As designers, we often give PCB function the highest priority while making the mounting/enclosure options (see above) an afterthought. This is especially problematic if the design will be constructed more than once or twice, where custom drilling/milling/manual processing will become very expensive and hard to reproduce. Having worked custom mold-injected enclosures, custom metal enclosures, and off the shelf enclosures, here are some things I have learned along the way:
- Check with your PCB assembly house about component placing near PCB edges, a lot of places will typically want >1.27mm. This is a process issue for removing individual boards out of panels and being able to clear the cutting tool. More is better as it makes it easier to handle the board after de-panelizing without touching mounted components.
- Label component keepout areas on the PCB print if you need to clear anything, especially when using ridges to support PCBs in plastic cases. Locations of these keepouts can be obvious when initially designing the PCB, but you will soon forget and may accidentally place components there in a future revision. Changing a PCB fab is usually a lot cheaper than changing the injection mold, so you will be redesigning your PCB in situation.
- Make sure that your board only fits into the chassis one way. This can be done by using a non-symmetric mounting hole pattern or by having specific cutouts for mechanical pins or ridges.
- Comply with standard drill sizes (and keepout areas) for standard mounting hardware. Tim Hausherr has a good overview here. It is a lot easier to be able to use standard fasteners instead of drilling arbitrary holes in PCBs and then trying to find something that fits.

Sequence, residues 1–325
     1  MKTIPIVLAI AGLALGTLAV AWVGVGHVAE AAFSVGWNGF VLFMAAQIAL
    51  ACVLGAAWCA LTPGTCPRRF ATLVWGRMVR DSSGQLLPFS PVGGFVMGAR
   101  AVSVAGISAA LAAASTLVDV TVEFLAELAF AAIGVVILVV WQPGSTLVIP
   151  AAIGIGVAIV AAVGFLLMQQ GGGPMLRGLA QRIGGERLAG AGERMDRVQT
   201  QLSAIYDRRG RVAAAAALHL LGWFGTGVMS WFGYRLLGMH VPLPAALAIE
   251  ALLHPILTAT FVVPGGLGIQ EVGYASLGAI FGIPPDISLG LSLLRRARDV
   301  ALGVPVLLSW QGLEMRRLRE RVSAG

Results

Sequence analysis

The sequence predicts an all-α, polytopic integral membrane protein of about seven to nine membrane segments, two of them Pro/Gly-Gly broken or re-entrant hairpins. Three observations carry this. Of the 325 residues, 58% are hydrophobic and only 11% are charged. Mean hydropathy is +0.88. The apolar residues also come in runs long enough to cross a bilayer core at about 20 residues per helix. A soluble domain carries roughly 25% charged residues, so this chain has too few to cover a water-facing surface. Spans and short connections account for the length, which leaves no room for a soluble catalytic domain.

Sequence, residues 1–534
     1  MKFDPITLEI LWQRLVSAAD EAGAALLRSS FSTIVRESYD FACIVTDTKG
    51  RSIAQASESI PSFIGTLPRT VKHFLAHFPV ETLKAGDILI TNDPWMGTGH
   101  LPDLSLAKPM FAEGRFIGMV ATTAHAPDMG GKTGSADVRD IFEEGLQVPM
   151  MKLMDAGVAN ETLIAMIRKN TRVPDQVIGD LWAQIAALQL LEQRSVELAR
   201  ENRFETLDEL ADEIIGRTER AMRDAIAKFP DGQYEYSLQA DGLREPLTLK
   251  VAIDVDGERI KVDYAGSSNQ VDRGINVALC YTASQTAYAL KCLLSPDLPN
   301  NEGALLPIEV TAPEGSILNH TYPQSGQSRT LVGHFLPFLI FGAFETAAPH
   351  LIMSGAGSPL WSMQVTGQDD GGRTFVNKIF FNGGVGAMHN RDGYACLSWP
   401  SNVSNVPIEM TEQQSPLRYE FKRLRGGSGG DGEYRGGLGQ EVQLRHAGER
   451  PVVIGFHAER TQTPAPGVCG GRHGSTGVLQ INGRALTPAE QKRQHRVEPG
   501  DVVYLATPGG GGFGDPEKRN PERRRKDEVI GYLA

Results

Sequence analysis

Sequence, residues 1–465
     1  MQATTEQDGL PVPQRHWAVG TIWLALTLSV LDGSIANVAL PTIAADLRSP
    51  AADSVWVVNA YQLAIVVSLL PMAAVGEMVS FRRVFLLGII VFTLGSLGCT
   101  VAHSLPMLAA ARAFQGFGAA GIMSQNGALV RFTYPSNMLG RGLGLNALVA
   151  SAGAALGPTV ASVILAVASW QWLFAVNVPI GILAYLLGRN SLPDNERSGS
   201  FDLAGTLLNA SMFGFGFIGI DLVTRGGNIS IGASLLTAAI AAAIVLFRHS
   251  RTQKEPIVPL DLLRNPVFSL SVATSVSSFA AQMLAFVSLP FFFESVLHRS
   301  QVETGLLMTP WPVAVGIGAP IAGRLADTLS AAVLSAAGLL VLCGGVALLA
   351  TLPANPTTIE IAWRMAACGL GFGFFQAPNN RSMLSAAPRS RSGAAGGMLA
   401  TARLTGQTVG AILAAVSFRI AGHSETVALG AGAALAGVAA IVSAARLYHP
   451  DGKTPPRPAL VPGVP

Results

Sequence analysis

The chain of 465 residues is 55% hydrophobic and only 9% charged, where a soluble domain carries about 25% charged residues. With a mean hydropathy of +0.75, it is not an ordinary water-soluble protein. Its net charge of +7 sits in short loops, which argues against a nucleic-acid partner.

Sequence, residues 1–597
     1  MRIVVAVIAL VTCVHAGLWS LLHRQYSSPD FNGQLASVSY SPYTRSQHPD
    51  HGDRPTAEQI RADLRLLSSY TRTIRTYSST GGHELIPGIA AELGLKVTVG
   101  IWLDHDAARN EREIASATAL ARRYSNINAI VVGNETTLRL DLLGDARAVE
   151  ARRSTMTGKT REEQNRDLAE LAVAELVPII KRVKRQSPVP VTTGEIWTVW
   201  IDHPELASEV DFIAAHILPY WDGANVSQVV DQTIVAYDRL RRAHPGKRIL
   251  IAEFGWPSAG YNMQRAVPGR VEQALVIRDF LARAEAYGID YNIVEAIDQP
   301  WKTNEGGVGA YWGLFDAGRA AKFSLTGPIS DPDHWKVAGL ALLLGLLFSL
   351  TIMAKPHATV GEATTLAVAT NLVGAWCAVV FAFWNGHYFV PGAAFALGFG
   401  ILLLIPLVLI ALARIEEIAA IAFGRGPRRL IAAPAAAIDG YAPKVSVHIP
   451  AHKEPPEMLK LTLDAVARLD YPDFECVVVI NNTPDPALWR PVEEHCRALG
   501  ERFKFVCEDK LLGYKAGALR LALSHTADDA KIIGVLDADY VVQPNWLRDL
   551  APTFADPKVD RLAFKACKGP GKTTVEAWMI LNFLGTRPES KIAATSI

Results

- Specify a torque spec and use an electric driver with torque setting when driving any kind of threaded fastening hardware. If you don’t do this, you can expect to get anything from cracked PCBs from overtightening to loose hardware/PCBs in your chassis.
- If you expect a lot of vibration, avoid using threaded fasteners and use clips instead. This is especially true for mounting speakers to chassis. It is tempting to use threadlock, but this is a bad idea from a serviceability standpoint (see below).
- Expect that you will get failures in the field and that you may have todisassemble units coming back from the field. This is the primary reason I don’t like using threadlock unless it is going into standoffs which are stamped into the chassis and will not turn when you try to back your fasteners out. This is also the reason to give a second thought to conformal coating/potting your circuits unless you have a specific performance reason to do this (IPXX rating, isolation). Coating your PCB/filling your case with epoxy will not stop people from being able to reverse engineer the physical aspects of your design.
- Use 3D models if your connectors, or at least mark their outlines on an assembly layer, so you can align them with your chassis. The large gap between the USB and Ethernet connectors on the rpi makes it challenging to mount PCB in an off the shelf rectangular case.